The onus is on the injured parties in a tort claim to prove all of elements required by the law of negligence in order to obtain the damages to which they are entitled. While the nuances of the law of negligence can be complex the injured parties must be able to prove the identity and fault of those responsible for the accident, the injuries caused by the accident and the value of the losses and damages resulting from the injuries.

Identity and Fault – The Accident Scene

The Motor Vehicle Act requires persons involved in a motor vehicle accident on a highway to remain at the accident scene to render assistance and exchange vehicle registration and licence information with all parties involved in the accident. The Act also requires those involved to report the accident to the police within 24 hours in urban areas (48 hours in rural areas) if the damages to person and property exceeds $1000 ($600 if a motorcycle is involved). When in doubt it is best to report the accident to the police as soon as possible. It is also extremely important to obtain the names and phone numbers of any witnesses who saw the accident, especially if there is likely to be a dispute as to how the accident happened and who is at fault. You should also promptly give ICBC notice of the accident and your injuries whether through your lawyer or directly through “Dial a Claim” (520-8222). Where the injuries and damages may be significant and the question of fault is in dispute your lawyer may need to retain an accident reconstruction expert to provide an opinion as to how the accident happened. Such opinions can be costly (often more than $1,000) and therefore the circumstances must justify such an expense.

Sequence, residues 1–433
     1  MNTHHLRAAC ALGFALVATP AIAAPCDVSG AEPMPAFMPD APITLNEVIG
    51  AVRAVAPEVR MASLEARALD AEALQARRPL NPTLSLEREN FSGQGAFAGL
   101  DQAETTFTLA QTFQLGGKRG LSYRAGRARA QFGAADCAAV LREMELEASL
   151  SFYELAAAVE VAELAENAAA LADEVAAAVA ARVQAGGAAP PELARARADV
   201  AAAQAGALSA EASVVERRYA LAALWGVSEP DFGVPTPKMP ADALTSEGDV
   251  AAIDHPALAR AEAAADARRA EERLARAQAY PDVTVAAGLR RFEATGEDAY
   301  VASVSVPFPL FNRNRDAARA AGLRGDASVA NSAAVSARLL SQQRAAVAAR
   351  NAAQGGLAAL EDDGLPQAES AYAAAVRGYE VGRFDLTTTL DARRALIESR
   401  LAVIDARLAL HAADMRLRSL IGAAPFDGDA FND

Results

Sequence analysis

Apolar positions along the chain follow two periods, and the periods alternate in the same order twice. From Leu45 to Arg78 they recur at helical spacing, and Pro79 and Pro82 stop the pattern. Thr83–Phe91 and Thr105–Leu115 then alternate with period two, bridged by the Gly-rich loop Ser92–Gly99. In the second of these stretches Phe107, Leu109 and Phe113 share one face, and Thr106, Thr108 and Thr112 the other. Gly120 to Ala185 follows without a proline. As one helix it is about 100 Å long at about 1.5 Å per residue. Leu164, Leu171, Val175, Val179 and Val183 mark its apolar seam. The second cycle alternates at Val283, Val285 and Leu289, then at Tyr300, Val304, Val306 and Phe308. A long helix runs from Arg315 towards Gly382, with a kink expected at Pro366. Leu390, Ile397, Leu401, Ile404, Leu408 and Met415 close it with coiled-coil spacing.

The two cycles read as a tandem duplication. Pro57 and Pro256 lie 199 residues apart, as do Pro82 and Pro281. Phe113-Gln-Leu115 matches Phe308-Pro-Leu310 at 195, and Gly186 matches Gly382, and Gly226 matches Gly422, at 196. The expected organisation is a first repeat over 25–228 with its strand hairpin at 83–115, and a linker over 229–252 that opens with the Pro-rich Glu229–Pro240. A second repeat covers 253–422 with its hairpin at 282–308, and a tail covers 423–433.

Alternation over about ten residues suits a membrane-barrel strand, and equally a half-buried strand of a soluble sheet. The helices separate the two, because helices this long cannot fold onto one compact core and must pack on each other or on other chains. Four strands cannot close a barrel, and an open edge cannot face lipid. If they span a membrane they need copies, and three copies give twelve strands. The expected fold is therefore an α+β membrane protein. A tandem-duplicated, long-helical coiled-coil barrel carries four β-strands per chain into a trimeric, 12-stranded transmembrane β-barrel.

The Injuries Caused by the Accident – Seeing your Doctor

If you have been injured you should see your doctor as soon as possible and report the full extent of your symptoms including the location and severity of each complaint. This will assist your doctor in prescribing the appropriate medical treatment early on and will help to establish the nature and extent of the injuries caused by the accident. The frequency of additional visits is a matter to be determined between you and your doctor. However, you should see your doctor for follow up advice if your symptoms do not improve, if you experience additional symptoms which your doctor has not investigated or if you have any questions or concerns regarding the prescribed treatment.